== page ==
Food

Old Country Italian

Talking Italian (food, that is) with Ed Sinclair of Fra's Italian Gourmet

Posted

 Ed Sinclair co-owns Fra's Italian Gourmet with his wife Joanne.

When people think of Westerly, they don’t always realize just how influenced it is the Italian culture and immigrants. Does your family have roots going back to the old country?
Westerly has been the home to Calabrian Italians for a few generations. The old downtown is referred to as little Italy. There are many old customs to this day, with families making red wines and an Italian dry sausage called suppi together as a group twice a year. My wife’s family has roots back to Sicily just south of Calabria. There are many old Italian traditions at Christmas, Easter and St. Joseph’s Day all regarding specialty foods served, which we do at home and at Fra’s.

What are some of the local favorites?
Our most famous sandwich is made a variety of ways on homemade focaccia bread, made fresh daily. Focaccia sandwiches are stuffed with grean beans, spinach, chicken, Italian cold cuts and topped with roasted red peppers and fresh mozzarella. In season we add to these summer squash, eggplant and broccoli rabe.

I’ve personally gone in many times and absolutely love the pesto pizza with tomato and romano cheese. Is it a family recipe for pesto that you use in your eatery?
Our pesto pizza with tomatoes is at its best when local tomatoes are in season along with fresh basil. Lots of fresh basil, olive oil, garlic and pine nuts are ground to perfection – this pesto was introduced to me in the 1960s by some Italian friends in New York City. The pesto was served with linguine and half the neighborhood brought salads, cheeses and desserts for the feast. In the summer we sell many traditional margarita tomato pesto pizzas, along with other versions with tomato sauce and fresh mozzarella added. Anyway you want it, we will make it, and you will love it.

Speaking of family recipes, what are some comfort foods you love to make at home?
I don’t spend much time at home, since we are open seven days from 9am to 8pm in season. I like to grill fresh veggies marinated in olive oil, garlic and hot pepper flakes outside. Added to this I might grill chicken breast, sausage or other meats marinated the same.

Do you have any pet peeves from other cooks compared with what you do as authentic Italian cooks?
I have seen many cooks make Italian specialties like tomato sauce with canned tomatoes, tomato paste, water and dried herbs. I make our sauce using everything fresh – tomatoes, basil, parsley, garlic and a touch of paste for sweetness. We are told by many how good our sauce is. The sauce and fresh dough is what makes our pizza so good.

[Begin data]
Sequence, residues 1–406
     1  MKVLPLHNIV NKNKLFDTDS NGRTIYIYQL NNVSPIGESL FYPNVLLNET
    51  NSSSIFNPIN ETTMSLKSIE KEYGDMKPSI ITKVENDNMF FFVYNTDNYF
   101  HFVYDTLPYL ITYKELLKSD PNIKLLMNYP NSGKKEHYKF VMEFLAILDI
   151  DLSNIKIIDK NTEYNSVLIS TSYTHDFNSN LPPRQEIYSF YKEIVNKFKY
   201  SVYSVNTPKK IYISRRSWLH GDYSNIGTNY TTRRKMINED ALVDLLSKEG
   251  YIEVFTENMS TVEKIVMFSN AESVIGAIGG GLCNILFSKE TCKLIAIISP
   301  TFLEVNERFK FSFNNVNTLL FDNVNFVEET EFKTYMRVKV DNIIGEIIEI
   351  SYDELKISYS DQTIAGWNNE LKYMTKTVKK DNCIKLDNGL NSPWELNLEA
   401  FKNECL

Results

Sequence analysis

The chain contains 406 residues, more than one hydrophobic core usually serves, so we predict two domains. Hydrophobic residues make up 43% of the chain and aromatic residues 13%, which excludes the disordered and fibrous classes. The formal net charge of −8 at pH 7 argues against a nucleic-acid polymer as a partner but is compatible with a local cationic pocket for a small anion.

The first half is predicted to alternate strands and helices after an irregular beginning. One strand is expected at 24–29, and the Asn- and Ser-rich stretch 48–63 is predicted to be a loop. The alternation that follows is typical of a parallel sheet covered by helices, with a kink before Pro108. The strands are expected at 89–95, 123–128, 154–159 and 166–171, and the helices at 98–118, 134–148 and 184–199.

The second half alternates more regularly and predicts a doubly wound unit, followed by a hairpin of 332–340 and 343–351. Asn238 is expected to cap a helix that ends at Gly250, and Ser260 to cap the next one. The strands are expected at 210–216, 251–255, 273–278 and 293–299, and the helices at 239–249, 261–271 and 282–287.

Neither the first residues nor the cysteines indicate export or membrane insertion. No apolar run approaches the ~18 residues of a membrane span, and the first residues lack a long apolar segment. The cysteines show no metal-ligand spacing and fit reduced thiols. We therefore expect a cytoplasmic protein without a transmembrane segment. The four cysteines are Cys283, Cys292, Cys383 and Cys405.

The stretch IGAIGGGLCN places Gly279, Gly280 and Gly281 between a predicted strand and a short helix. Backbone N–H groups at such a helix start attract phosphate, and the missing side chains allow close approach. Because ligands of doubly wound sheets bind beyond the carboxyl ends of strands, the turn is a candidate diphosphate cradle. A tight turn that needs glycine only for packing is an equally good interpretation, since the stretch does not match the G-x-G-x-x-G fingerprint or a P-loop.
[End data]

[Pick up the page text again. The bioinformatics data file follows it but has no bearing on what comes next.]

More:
What influenced you to open an Italian eatery?
We lived in Vermont for 21 years and ran an inn. In the early ‘80s all of our guests (70-80) were served breakfast and dinner daily. As our clientele grew, more sophisticated our chef had to change from a family style table of eight to ten to dinners make to order. This was a challenge for many of our chefs, to be ready for 40 to 60 people in a three hour period.

At this time, I spent more time in the kitchen watching every order from preparation to serving. I took over the cooking operation. Soon we were serving lasagna, pasta with sauce or primavera along with fresh fish and grilled meats. This led us to Rhode Island to an Italian restaurant without the headache of 24 guest rooms and its many problems related to hotel management.

What about the focaccia bread? It’s always soft and full of herbs. How long did it take to perfect that recipe?
Focaccia bread is not as simple as it may look. A wetter dough must be used and twice as much time consummating procedures in preparation. There is much practice needed in balling, resting, rolling, proofing, seasoning and reproofing before baking. All of this may take four to five hours pending on heat humidity. Everyday is a challenge making this bread.

I have to talk about your desserts. There is nothing I like more than a face sized cookie. Is there a story behind making them so large?
Our desserts are all homemade. Cannoli, biscotti, blondies and brownies are made along with our cookies. We have been told that are cannoli are the best in town. Not being a baker is challenging, cooking is inventive and not exact. Baking is constant trial and error with temperature being the most important. Too hot an oven makes smaller and darker cookies and with three ovens to watch, temperature watching is crucial. Our next baking challenge is St. Joseph’s Day when we make our zeppole, anywhere from 700 to 1200 starting around March 12 to Easter.